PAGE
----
Your rights aren't eliminated - they are temporarily suspended, for a very good reason. Jogging is still allowed in most locations, with the arrests usually related to it being used as a cover-up to avoid restrictions for other activity (and frankly, it boggles my mind that jogging is still allowed - rapid movement combined with rapid breathing and large amount of perspiration sounds like a super-spreading risk to me!).

Apple's participation sounds like a reasonable guarantee of decent privacy here. And if you'll look at the technologies involved - it will be impossible to hijack that for sinister purposes.
 
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simonmet

Cancelled
Sep 9, 2012
2,666
3,656
Sydney
Yeah...nah! This is bound to be used as evidence that you didn’t socially-isolate adequately. How long before use of the app is required or forced upon users? If Apple and the notoriously privacy-averse and arch-enemy Google get together on something that raises eyebrows and suspicions in my view.

Social distancing and lockdowns are already working; and most people are complying. I don’t see how this functionality would further change behaviour or prevent infections, but simply result in a blame game and the opportunity for authorities to penalise individuals. Sufficient (mass) testing and available care is a better approach than creepy tracking, but that requires a level of competence and investment from governments, so better to blame the individual right?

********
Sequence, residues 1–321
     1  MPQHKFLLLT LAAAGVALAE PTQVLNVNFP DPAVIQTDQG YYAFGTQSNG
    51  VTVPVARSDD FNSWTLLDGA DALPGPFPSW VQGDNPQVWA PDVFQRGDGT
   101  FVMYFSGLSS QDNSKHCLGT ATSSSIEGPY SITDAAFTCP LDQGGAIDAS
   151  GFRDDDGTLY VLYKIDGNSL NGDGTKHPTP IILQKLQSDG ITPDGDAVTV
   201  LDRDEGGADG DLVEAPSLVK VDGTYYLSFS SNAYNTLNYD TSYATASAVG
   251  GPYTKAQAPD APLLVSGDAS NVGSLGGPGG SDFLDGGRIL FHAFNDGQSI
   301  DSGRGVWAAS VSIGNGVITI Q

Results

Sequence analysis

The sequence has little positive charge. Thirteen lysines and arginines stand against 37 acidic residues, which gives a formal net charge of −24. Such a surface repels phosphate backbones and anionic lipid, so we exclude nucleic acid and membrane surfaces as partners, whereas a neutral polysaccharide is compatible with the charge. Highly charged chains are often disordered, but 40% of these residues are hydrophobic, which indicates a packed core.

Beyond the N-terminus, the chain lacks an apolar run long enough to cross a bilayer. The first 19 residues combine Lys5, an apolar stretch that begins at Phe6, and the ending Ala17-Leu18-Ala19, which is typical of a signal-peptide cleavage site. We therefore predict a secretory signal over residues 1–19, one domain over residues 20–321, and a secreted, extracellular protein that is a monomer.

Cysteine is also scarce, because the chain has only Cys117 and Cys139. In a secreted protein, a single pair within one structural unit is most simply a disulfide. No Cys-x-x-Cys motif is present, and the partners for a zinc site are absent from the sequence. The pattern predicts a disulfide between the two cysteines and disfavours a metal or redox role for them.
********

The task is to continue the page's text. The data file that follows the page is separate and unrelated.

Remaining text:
At least in my country new infection cases have been dropping from a peak of 457 to less than 50 (37) per day due to social isolation with further declines anticipated; and they’re already talking about lifting the lockdown within weeks.

This functionality, were it to become widespread and used for purposes other than those stated, is alarming. And once the technology is developed you can be damn sure the NSA, police and governments will be very interested in it. Further, we know that they don’t have to disclose if or when they start to use the technique.

Apple and Google can claim privacy all they want, but the whole point of the technology is to allow you to notify contacts, so it can’t be anonymised completely! Perhaps I’m too much of an optimist to think we’ve got any semblance of privacy left, but I’m always going to argue against even further monitoring and tracking than already exists. Its benefits are always overstated in comparison to the risks in my opinion.
 
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VulchR

macrumors 68020
Jun 8, 2009
2,403
11,885
Scotland
Makes sense ... for now. Besides, when has the UK undertaken a complex IT project that actually worked? No need to get knickers in a twist about tracking. Google etc. are far worse offenders than the UK government will ever be.
 
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twistedpixel8

macrumors 6502
Jun 9, 2017
417
1,244
Ah yes, the slippery slope argument - the reason to never do anything new.

Your rights aren't eliminated - they are temporarily suspended, for a very good reason. Jogging is still allowed in most locations, with the arrests usually related to it being used as a cover-up to avoid restrictions for other activity (and frankly, it boggles my mind that jogging is still allowed - rapid movement combined with rapid breathing and large amount of perspiration sounds like a super-spreading risk to me!).

Apple's participation sounds like a reasonable guarantee of decent privacy here. And if you'll look at the technologies involved - it will be impossible to hijack that for sinister purposes.

Thank you! Finally, someone who agrees that runners are an issue and should be told to do their running somewhere isolated and away from other people. I’ve tried to politely explain this to runners and all I get back is “there’s no evidence to say heavy breathing is a transmission vector” or a tirade of abusive language.